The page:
Morning Edition
Morning Edition
Wednesday, March 25, 2009

Minnesota Public Radio Stories

  • Golden eagleScientists track golden eagle as it soars
    The weather might not be perfect today, but it won't matter much to one large golden eagle. The eagle will get to be in the wild again, after spending weeks in the Twin Cities, recovering from an injury.6:50 a.m.
  • Sandbagging machineThe tools that can hold back water
    The massive effort to prepare for what's expected to be record flooding continues today in Fargo. The good news is that city officials have some new tools to keep back flood waters.6:55 a.m.
  • Hought backyardBreckenridge gets a reprieve from flooding
    The weather caused some unexpected surprises in cities along the Red River. In Breckenridge, Minnesota low rain levels and mild temperatures helped the city. Ice has been melting and the river has been flowing freely. But that's not the case in every community.7:20 a.m.
  • Norm Coleman visits with his attorneysRolvaag-Anderson race no longer longest recount
    It was on this day in 1963 that Karl Rolvaag became Minnesota's 31st governor. That marked the end of what was then the longest-running recount in Minnesota history. The battle between Republican Norm Coleman and Democrat Al Franken for the U.S. Senate is about to break that record.7:25 a.m.
  • Sister CelineU of M resumes nuns' Alzheimer's study
    The Nun Study, which originated at the U of M in 1986, gained worldwide attention for its insights into Alzheimer's disease.7:40 a.m.
  • Lonely hoopSnow presents yet another issue for flood fighters
    It is not just flood waters that Fargo residents have to deal with - now a snowstorm is hitting the area. Three to four inches of snow are already on the ground. Despite the bad weather, sandbagging continues in Fargo.7:45 a.m.
  • Dominic PapatolaMovies and theater cross pollinating more and more
    If you want to see the show "Grey Gardens," you can head over to the Ordway for this evening's opening night performance, or you can wait until April 18th when HBO airs its version of the true story of Big Edie and Little Edie, or you can rent the original documentary from 1975.8:25 a.m.

National Public Radio Stories

  • Thousands Of GM Workers Get Company Cars, Gas
    Even as General Motors asks for more taxpayer loans, there's one perk the automaker refuses to give up: a company car and company-paid gas for about 8,000 white-collar employees. A former GM economist estimates the company spent nearly $12 million on fuel for its staff last year.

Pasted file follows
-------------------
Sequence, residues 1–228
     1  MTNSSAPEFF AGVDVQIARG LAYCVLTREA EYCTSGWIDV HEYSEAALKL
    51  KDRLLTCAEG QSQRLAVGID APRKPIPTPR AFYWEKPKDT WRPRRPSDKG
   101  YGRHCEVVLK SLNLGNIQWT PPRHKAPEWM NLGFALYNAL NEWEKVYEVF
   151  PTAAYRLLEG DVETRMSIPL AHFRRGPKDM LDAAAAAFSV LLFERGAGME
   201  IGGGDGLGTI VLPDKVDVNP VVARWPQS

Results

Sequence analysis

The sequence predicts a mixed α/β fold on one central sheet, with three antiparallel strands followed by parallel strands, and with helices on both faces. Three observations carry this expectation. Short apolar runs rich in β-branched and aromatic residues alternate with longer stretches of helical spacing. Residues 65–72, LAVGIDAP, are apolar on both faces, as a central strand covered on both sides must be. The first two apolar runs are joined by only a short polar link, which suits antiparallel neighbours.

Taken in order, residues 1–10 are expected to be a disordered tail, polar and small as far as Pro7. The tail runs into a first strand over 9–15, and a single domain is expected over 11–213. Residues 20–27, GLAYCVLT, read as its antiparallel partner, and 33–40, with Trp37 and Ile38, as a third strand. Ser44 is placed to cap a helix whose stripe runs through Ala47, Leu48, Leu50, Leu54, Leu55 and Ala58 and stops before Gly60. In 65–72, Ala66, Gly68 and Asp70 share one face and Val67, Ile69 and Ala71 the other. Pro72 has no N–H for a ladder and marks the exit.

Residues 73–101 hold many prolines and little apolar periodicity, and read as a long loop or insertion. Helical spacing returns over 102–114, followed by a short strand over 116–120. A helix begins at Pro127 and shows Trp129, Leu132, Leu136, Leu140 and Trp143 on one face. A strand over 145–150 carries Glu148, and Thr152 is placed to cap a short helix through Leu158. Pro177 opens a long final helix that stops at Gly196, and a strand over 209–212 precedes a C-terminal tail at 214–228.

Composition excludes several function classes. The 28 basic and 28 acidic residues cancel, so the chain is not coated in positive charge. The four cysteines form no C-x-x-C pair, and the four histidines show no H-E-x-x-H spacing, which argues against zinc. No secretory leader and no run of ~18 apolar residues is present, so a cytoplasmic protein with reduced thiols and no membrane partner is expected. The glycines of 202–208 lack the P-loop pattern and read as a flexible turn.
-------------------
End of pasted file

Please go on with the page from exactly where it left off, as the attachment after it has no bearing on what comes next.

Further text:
• Lawmakers Grill Geithner, Bernanke On AIG Rescue
    Federal Reserve Chairman Ben Bernanke and Treasury Secretary Timothy Geithner went to Capitol Hill on Tuesday hoping to spend time with lawmakers discussing new regulatory tools to deal with failing companies as large and complex as AIG. Instead, they spent most of their time defending their roles in the rescue of the insurance giant.
  • Cartels Fueling Violence In Mexico Take Root In U.S.
    Like any good business, Mexico's drug cartels are expanding their operations. They're now major players in the distribution and retailing of drugs in the U.S.
  • Local Governments Tackle Federal Grant Process
    The federal stimulus money is supposed to pump billions of dollars into the economy. As police departments and small towns apply for money, they are finding themselves in closer contact with the federal government. Local and county governments are learning how to deal with the sprawling federal grant process.
  • What's In Store For Egypt-Israel Relations?
    Thursday marks the 30th anniversary of the historic Camp David treaty that saw Egypt become the first Arab state to make peace with Israel. Since then, only Jordan has joined Egypt in signing such an accord. Many Egyptians feel that keeping peaceful ties with the Jewish state has damaged their country's standing, and as a new, right-leaning government takes shape in Israel, they wonder what's in store.
  • In Pakistan, A Government Official-Turned-Protester
    Many thousands of people took part in the campaign to restore Pakistan's chief justice after he was ousted by the country's military ruler more than two years ago. But one man stood out amid that noisy throng of black-suited lawyers, civil activists and party cadres, who are now celebrating the judge's return to the bench: 85-year-old Roedad Khan.
  • Blockbuster To Sell Movies, TV Shows On TiVo
    The DVD rental chain Blockbuster says it will rent and sell movies and TV shows through the digital recording device TiVo starting later this year. Blockbuster's rival Netflix has been doing this since last year. Both companies are trying to position themselves to make money from the increasing number of consumers who download their entertainment from the Internet.
  • Sales Offer Consumers An Out If Hard Times Hit
    As companies try to jump-start sales in a sour economy, many are offering risk-free deals to consumers: Purchase their products, and if you get laid off, you're off the hook.
  • Laid-Off Man Offers Nickel's Worth Of Fix-It Advice
    After getting laid off from an architecture firm for the second time last year, John Morefield knew something had to change. He could look for another job again — or set up a booth at a local market in Seattle and offer home renovation advice for 5 cents a shot.
  • 1973 'Peanuts' Comic Strip Up For Auction
    This week, a Peanuts comic strip from April 1, 1973, is on the block. It's a Sunday edition, with more panels than usual — and, of course, it features Charlie Brown being suckered by Lucy. Auctioneer Nate Sanders says despite the recession, Peanuts strips are still rising in value, perhaps because of their limited supply. He thinks this one might come close to the record for a Peanuts strip, which is more than $100,000.

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